Security should no longer be seen as a practice reserved for technical workers and specialists. Security should be frictionless for everyone: developers, operations teams, security personnel, and even non-technical workers. Collectively, we are moving toward a digital future that will require each user to have a working knowledge of security practices and solutions.
The problem is that according to 84% of IT managers, human error was the top cause of all data breaches in 2021. Even among companies that have active cybersecurity education programs for non-technical employees, 61% of workers fail a basic cybersecurity quiz. The main goal for these workers is productivity, so it’s no surprise that they get tired of doing tedious tasks with extra steps for security’s sake when they get in the way of productivity.
Security must involve frictionless processes that make sense for everyone involved with the organization to close all the gaps in your cybersecurity ecosystem.
How to resolve the conflict between availability and security
Live patching is a frictionless patching tool that should be in all IT teams’ toolboxes. Live patching allows security teams to patch much faster than regular maintenance windows without the need to restart devices to apply new updates. It’s fast and secure patching with little to no downtime. Could this be the balance between availability and security that all organizations have been looking for?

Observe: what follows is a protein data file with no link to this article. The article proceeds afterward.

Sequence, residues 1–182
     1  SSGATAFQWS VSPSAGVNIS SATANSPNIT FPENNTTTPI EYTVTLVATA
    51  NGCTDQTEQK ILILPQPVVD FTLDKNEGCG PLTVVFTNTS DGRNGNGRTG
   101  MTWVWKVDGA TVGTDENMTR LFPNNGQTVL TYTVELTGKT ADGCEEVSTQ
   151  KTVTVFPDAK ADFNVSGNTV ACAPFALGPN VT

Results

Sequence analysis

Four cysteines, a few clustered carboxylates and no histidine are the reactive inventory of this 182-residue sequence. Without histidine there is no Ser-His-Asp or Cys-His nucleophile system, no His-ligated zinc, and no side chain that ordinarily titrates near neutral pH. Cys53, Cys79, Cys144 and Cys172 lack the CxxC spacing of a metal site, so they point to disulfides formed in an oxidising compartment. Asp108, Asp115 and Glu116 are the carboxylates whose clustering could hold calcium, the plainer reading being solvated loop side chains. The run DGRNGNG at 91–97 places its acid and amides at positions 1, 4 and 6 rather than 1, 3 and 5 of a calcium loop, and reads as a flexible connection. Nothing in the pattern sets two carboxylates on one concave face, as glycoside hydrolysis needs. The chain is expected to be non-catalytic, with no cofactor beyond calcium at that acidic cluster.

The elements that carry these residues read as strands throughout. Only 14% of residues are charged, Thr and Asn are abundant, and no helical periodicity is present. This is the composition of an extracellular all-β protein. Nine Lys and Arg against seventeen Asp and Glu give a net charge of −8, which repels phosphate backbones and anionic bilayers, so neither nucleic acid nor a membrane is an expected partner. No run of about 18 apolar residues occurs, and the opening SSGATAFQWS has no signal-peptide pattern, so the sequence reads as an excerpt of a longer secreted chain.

Manufacturing, financial, and medical businesses should look for communication software that comes with crucial features that enable 24/7 uptime without worrying about vulnerabilities trickling into your systems through language-level risks.
Live patching tools are a simple and effective way to resolve conflicts between IT teams and provide a more secure ecosystem across the organization. Not only does it provide fast patching with no need for downtime, but it can also patch multiple programming languages without disruptions. Live patching tools focus on security issues without introducing code changes that would require code refactoring. That means your code can run how it is without compromising on security or availability.